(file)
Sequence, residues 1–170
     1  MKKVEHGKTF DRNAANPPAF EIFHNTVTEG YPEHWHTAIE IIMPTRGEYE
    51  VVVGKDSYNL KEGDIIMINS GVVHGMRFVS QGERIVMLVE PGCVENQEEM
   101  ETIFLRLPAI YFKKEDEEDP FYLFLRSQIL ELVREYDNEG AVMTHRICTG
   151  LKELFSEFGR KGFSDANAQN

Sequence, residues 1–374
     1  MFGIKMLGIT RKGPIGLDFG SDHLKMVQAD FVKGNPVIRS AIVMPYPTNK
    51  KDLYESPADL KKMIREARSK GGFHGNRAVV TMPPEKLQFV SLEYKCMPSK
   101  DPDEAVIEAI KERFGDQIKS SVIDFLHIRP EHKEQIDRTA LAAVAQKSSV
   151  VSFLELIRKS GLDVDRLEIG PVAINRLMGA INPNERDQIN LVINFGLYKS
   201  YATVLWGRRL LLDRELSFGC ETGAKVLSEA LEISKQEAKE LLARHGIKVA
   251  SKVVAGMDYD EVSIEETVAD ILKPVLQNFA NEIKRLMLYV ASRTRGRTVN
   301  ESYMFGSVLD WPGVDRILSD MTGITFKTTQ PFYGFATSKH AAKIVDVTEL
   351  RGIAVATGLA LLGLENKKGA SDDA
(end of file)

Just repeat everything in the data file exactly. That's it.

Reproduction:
Sequence, residues 1–170
     1  MKKVEHGKTF DRNAANPPAF EIFHNTVTEG YPEHWHTAIE IIMPTRGEYE
    51  VVVGKDSYNL KEGDIIMINS GVVHGMRFVS QGERIVMLVE PGCVENQEEM
   101  ETIFLRLPAI YFKKEDEEDP FYLFLRSQIL ELVREYDNEG AVMTHRICTG
   151  LKELFSEFGR KGFSDANAQN

Sequence, residues 1–374
     1  MFGIKMLGIT RKGPIGLDFG SDHLKMVQAD FVKGNPVIRS AIVMPYPTNK
    51  KDLYESPADL KKMIREARSK GGFHGNRAVV TMPPEKLQFV SLEYKCMPSK
   101  DPDEAVIEAI KERFGDQIKS SVIDFLHIRP EHKEQIDRTA LAAVAQKSSV
   151  VSFLELIRKS GLDVDRLEIG PVAINRLMGA INPNERDQIN LVINFGLYKS
   201  YATVLWGRRL LLDRELSFGC ETGAKVLSEA LEISKQEAKE LLARHGIKVA
   251  SKVVAGMDYD EVSIEETVAD ILKPVLQNFA NEIKRLMLYV ASRTRGRTVN
   301  ESYMFGSVLD WPGVDRILSD MTGITFKTTQ PFYGFATSKH AAKIVDVTEL
   351  RGIAVATGLA LLGLENKKGA SDDA